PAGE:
First Mining Files Technical Report for the Positive Pre-Feasibility Study on the Springpole Gold Project, Ontario, Canada
Pre-Tax NPV5% of US$1.5 billion, Pre-Tax IRR of 36%
After-Tax NPV5% of US$995 million, After-Tax IRR of 29%
Average Annual Gold Production of 335,000 ounces and AISC of US$577/oz in Years 1 through 9
March 4, 2021 – Vancouver, Canada – First Mining Gold Corp. (“First Mining” or the “Company”) (TSX: FF) (OTCQX: FFMGF) (FRANKFURT: FMG) is pleased to announce that the Company has filed on SEDAR an independent Pre-Feasibility Study (“PFS”) technical report (the “Report”) for its Springpole Gold Project (“Springpole” or the “Project”) located in northwestern Ontario, Canada.
The Report, entitled “NI 43-101 Technical Report and Pre-Feasibility Study on the Springpole Gold Project, Ontario, Canada” was prepared by AGP Mining Consultants Inc. (“AGP”) in accordance with National Instrument 43-101 Standards of Disclosure for Mineral Projects (“NI 43-101”) and has an effective date of January 20, 2021.
The PFS supports a 30,000 tonnes-per-day (“tpd”) open pit mining operation over an 11.3 year mine life (see First Mining’s news release dated January 20, 2021). Highlights include:
- US$1.5 billion pre-tax net present value at a 5% discount rate (“NPV5%”) at US$1,600/oz gold (“Au”), increasing to US$1.9 billion at US$1,800/oz Au
- US$995 million after-tax NPV5% at US$1,600/oz Au, increasing to US$1.3 billion at US$1,800/oz Au
- 36.4% pre-tax internal rate of return (“IRR”); 29.4% after-tax IRR at US$1,600/oz Au
- Life of mine (“LOM”) of 11.3 years, with primary mining and processing during the first 9 years and processing lower-grade stockpiles for the balance of the mine life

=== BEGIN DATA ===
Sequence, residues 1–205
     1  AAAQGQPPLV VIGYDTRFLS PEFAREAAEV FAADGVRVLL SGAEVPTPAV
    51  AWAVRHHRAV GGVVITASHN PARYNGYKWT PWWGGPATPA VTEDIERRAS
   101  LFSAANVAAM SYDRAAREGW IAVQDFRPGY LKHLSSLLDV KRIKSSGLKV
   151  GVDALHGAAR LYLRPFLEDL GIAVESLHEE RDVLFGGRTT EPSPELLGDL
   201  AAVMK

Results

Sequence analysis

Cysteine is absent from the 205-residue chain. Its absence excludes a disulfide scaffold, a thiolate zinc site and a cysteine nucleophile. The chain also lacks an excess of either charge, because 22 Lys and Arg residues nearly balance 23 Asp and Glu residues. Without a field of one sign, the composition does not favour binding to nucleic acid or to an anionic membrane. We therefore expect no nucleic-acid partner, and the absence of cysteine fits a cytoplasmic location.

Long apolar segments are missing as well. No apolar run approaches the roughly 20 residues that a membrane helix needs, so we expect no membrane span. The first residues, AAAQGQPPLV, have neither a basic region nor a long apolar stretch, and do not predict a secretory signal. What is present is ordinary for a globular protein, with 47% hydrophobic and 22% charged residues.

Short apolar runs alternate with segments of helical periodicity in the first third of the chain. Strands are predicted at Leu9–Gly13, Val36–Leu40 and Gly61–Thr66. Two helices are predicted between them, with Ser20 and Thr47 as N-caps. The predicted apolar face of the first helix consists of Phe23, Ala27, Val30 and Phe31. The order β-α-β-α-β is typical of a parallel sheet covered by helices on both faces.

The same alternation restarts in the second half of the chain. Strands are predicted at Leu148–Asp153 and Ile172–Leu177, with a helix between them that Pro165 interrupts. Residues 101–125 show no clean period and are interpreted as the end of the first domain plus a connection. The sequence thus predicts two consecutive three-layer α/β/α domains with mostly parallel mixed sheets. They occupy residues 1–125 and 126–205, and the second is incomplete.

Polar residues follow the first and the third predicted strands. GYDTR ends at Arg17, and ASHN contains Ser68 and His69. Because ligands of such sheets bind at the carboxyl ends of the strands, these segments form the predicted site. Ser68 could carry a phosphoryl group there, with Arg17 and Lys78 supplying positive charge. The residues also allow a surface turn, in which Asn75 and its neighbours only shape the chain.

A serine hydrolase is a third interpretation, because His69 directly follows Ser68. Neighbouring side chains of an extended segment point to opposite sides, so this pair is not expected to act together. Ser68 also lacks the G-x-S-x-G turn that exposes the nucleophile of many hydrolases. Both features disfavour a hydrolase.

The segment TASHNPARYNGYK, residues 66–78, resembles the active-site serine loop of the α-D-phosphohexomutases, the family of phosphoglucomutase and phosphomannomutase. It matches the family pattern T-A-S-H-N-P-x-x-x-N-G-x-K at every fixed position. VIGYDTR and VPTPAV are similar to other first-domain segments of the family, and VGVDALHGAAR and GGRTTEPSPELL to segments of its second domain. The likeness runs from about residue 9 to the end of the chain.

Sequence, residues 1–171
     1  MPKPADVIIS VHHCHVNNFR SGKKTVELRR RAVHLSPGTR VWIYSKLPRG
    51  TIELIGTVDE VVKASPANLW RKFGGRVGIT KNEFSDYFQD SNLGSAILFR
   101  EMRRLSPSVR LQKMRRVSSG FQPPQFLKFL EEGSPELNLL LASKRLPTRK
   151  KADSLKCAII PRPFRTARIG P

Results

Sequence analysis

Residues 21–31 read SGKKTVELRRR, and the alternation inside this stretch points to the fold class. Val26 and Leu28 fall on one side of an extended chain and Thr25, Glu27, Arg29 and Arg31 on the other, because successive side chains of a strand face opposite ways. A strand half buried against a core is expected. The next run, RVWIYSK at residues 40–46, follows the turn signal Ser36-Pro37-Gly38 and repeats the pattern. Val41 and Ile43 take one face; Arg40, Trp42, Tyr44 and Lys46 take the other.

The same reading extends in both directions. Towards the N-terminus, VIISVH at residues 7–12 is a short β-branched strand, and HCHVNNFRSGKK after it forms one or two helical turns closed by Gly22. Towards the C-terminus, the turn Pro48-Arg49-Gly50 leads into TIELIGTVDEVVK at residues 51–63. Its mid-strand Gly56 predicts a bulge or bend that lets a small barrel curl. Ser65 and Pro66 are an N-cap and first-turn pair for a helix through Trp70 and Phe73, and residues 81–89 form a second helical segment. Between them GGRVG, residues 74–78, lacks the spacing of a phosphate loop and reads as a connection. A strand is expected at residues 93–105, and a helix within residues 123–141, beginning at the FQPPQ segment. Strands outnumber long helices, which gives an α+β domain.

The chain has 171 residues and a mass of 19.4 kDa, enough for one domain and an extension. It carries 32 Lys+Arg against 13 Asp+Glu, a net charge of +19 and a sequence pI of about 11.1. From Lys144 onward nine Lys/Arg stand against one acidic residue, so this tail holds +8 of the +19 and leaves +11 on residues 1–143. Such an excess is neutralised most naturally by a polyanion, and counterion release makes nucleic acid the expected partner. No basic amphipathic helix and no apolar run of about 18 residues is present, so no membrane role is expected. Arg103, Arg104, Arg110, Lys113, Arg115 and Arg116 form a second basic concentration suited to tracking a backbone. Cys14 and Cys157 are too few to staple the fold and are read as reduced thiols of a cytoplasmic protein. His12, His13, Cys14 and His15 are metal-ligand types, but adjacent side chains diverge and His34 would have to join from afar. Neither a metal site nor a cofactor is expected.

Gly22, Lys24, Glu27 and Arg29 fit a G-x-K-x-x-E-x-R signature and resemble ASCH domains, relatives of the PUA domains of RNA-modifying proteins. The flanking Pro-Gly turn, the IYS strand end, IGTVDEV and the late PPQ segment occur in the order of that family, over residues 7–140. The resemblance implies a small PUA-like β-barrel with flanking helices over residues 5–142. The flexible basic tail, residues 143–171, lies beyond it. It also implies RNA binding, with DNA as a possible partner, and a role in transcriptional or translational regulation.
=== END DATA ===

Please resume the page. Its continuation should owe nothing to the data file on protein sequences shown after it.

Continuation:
- After-tax payback of 2.4 years
- Declaration of Mineral Reserves: Probable Reserves of 3.8 Moz Au, 20.5 Moz silver (“Ag”) (121.6 Mt at 0.97 g/t Au, 5.23 g/t Ag)
- Indicated Mineral Resources (inclusive of reserves) of 4.6 Moz Au, 24.3 Moz Ag (151 Mt at 0.94 g/t Au, 5.0 g/t Ag)
- Initial capital costs estimated at US$718 million, sustaining capital costs estimated at US$55 million, plus US$29 million in closure costs
- Average annual payable gold production of 335 koz (Years 1 to 9); 287 koz (LOM)
- Total cash costs of US$558/oz (Years 1 to 9); and US$618/oz (LOM)(1)
- All-in sustaining costs (“AISC”) of US$577/oz (Years 1 to 9), and AISC US$645 (LOM)(2)
Note: Base case parameters assume a gold price of US$1,600/oz and a silver price of US$20/oz, and an exchange rate (C$ to US$) of 0.75. All currencies are reported in U.S. dollars unless otherwise specified. NPV calculated as of the commencement of construction and excludes all pre-construction costs.
(1) Total cash costs consist of mining costs, processing costs, mine-level general and administrative (“G&A”) costs, treatment and refining charges and royalties.
(2) AISC consists of total cash costs plus sustaining and closure costs.
“Springpole’s robust PFS and declaration of reserves for the first time are important achievements for the Company” stated Dan Wilton, CEO of First Mining. “The PFS is the result of the diligence, dedication and hard work by the team at First Mining and our consulting partners. This Report confirms that Springpole has the potential to become a strategically significant, highly profitable gold mine in one of the most attractive mining jurisdictions in North America.”
The Springpole Gold Project, located in northwestern Ontario, Canada, is one of the largest undeveloped open pit gold projects in North America. The Project is located approximately 110 kilometres northeast of Red Lake. Springpole currently hosts Probable Mineral Reserves of 3.8 million ounces (“Moz”) of gold , as set out in the table below.
Springpole Proven and Probable Reserves
- The Mineral Reserve estimates for Springpole are based on the conversion of the Measured and Indicated Mineral Resources within the mine plan in the Report. Indicated Mineral Resources in the mine plan were converted directly to Probable Mineral Reserves. There are currently no estimated of Measured Mineral Resources and therefore there are no Proven Mineral Reserves.
- The Mineral Reserve estimate has an effective date of December 30, 2020 and is based on the Mineral Resource estimate that has an effective date of July 30, 2020.